Throwing Shade: Just keep going, that’s the main thing. There are so many obstacles – someone got in touch the other day and was like, ‘oh, I sent my demo out to so many labels but never hear anything back, what can I do?’, and my advice is to just keep doing what you’re doing. I know everyone says that and it sounds cliché, but it’s so true. Just keep active, put on parties, do things with your friends, get a little community and build it up, see where it goes.
Amongst her many careers, Barbie has also had a career as a rapper, and has always been a big supporter of music – how do you think positive representation such as this has an impact on what young women feel they can achieve once they grow up?
Throwing Shade: I really remember Barbie from when I was young, I had loads and I played with them quite a lot. It’s a really good move that a huge toy company such as Barbie is taking the initiative to broaden people's horizons, and instil confidence and aspiration into kids to make them realise that there’s a whole array of things that they could be when they grow up. There’s no one way to look, either. Those sort of ideas make a person and mould you from a young age, so the fact that Barbie is recognising that importance and trying to channel it through their products is great and more companies should follow suit.
Careers aside, how do you think a step towards diversity from Barbie will help positively impact how young women feel about themselves in a more general sense?
Throwing Shade: Body image for women is always going to be a quite intensive and fragile issue because we’re bombarded by very select images of women all the time. But again, it stems from confidence and self-awareness that you have to develop when you're very young. By having all these different body dolls that have different skin colours, body shapes, height, different hair and professions, Barbie is increasing awareness amongst kids about the diverse world that we live in. Hopefully, it will have an effect on the kids who play with the dolls and make them aware that they can be who they want to be.
Over the past year there has been more and more women getting involved with the industry, from female-led production workshops to encourage more women into the profession to large icons writing and producing their own releases. Why do you think now is an important time in terms of women speaking up and carving their own paths?
Throwing Shade: Someone’s got to open the floodgate. For however many people that have spoken out, there’s probably a hundred other women who haven’t shared their experiences. I’ve definitely come across situations that I’ve known haven’t been right, whether it was sexism or just chauvinism. It’s probably because we have social media with which to call it out now, this public platform on which to speak your mind and you know that people will be able to hear what you’re saying. That then creates these online communities – people might retweet it and add their own experiences to the story. The internet and social media communication have got a lot to do with why people are opening up.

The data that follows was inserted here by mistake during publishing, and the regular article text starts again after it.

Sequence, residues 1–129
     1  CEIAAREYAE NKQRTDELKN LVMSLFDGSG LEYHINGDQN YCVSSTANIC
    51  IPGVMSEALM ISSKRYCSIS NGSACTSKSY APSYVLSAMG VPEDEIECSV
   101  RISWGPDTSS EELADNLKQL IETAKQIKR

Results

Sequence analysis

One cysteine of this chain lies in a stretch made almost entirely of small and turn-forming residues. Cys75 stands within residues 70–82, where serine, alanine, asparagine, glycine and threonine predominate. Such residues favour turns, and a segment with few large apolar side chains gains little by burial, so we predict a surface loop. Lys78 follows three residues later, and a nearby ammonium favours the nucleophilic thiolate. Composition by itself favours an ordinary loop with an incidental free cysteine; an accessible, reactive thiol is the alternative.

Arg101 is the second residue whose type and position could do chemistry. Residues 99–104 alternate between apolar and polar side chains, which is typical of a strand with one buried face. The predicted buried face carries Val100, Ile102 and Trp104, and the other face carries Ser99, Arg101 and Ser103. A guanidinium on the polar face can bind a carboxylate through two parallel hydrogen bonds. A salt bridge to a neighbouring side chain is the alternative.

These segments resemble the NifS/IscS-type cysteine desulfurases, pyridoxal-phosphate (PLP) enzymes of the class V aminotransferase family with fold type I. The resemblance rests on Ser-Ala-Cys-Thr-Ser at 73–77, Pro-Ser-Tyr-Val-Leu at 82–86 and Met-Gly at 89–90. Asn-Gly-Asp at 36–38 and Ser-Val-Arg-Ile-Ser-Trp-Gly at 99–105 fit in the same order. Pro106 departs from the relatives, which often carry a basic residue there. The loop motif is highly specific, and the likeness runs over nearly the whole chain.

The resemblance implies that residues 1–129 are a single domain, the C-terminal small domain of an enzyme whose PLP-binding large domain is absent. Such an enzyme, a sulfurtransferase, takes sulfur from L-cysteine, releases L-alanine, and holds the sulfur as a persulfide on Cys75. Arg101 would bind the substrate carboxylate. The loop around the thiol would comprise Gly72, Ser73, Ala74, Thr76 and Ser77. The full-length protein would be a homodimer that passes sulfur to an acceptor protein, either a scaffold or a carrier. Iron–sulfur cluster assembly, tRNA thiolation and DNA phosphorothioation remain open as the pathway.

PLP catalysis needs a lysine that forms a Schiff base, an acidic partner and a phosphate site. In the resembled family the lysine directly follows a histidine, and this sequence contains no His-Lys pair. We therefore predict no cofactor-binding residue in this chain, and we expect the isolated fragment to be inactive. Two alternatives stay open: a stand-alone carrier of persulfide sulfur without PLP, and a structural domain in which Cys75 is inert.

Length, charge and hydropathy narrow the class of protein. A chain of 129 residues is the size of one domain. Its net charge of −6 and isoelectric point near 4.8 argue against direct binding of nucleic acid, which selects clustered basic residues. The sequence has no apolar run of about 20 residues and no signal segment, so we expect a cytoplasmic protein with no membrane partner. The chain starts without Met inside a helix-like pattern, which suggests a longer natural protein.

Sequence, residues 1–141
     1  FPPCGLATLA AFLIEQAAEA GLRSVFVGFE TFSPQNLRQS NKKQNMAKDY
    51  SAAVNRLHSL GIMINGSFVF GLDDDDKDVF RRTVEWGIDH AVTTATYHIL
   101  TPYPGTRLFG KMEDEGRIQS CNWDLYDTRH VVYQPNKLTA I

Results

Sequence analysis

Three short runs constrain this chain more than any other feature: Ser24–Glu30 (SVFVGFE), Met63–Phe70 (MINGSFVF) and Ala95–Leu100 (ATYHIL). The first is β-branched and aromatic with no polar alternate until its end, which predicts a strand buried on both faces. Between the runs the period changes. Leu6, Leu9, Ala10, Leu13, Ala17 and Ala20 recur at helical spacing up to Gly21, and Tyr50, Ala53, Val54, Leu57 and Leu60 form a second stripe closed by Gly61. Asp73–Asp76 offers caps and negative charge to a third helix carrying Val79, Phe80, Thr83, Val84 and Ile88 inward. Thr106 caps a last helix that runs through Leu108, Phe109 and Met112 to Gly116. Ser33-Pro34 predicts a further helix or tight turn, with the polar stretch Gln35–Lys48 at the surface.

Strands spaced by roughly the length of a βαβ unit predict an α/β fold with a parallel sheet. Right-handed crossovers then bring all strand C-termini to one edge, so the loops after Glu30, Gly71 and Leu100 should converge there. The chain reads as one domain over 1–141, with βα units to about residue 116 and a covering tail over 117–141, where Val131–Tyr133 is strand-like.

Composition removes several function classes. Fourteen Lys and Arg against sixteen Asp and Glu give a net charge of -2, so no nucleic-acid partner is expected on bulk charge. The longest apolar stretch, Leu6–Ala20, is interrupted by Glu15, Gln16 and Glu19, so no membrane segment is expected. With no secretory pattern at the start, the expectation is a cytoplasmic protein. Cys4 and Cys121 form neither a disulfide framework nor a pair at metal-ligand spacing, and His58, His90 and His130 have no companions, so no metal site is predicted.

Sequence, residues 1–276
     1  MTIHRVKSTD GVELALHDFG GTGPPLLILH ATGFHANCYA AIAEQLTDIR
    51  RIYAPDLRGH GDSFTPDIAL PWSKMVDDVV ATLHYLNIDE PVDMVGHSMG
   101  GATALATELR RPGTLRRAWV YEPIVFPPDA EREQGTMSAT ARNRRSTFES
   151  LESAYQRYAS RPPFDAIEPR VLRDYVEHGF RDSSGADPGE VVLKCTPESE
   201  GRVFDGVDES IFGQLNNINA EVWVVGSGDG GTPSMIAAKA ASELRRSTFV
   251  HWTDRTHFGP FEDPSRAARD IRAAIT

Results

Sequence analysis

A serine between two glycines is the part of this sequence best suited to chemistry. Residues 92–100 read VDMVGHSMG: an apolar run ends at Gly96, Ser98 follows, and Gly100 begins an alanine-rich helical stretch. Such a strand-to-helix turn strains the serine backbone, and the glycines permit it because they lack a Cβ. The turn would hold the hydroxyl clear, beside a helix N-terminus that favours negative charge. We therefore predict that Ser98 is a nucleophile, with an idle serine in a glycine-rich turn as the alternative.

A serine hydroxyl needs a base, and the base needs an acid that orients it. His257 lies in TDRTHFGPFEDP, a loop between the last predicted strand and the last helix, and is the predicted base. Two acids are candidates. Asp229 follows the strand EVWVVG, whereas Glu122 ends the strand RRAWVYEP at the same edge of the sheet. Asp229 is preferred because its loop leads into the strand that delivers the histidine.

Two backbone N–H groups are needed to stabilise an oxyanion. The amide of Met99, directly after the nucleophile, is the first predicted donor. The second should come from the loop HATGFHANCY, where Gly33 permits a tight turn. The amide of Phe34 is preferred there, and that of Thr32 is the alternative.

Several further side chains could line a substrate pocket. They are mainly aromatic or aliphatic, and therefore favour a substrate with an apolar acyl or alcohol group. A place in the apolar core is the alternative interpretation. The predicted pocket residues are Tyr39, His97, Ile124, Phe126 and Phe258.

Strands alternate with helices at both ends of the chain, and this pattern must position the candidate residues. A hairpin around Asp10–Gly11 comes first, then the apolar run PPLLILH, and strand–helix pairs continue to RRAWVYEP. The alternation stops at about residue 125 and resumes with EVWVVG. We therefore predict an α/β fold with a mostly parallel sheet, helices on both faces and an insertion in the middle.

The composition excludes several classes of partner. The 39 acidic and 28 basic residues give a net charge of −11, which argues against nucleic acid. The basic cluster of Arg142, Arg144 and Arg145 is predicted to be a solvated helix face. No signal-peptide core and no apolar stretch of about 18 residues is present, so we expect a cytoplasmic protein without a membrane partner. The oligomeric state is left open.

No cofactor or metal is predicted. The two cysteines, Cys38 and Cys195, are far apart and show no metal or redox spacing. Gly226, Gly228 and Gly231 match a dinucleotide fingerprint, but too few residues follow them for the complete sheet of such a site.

“For however many people that have spoken out, there’s probably a hundred other women who haven’t shared their experiences” – Throwing Shade
Have you ever felt like being a women has held you back in the music industry? How did you overcome this?
Throwing Shade: You hear women complaining all the time that they’re not getting enough bookings because they’re women. We know that happens, but spending so much time moaning about it is counterproductive. You should be focusing your energy on the work that you love to do, work hard and prove yourself that way. I never think about being female, I just do what I want to do. When I do go out, I feel like there’s a strong female contingent amongst the fans, and they come up to me afterward and are like: ‘it’s so great what you’re doing, it’s really inspiring.’ I like to hear that. Just don’t worry about all the negativity and just focus on working hard. Once you do that, the rest doesn’t matter. If you sit around complaining like a broken record, that’s when things don’t get done.
Who are some other women in the music industry that have inspired your career?
Throwing Shade: In contemporary music right now, I think M.I.A. and Grimes are amazing. They’re women to me who think about music and not the body image. In the past 20 to 30 years there's been a lot more women who’ve inspired what I do, Kate Bush or Sade; Siouxsie & the Banshees. On a more local scale, there are so many of my peers doing great things and I really respect them.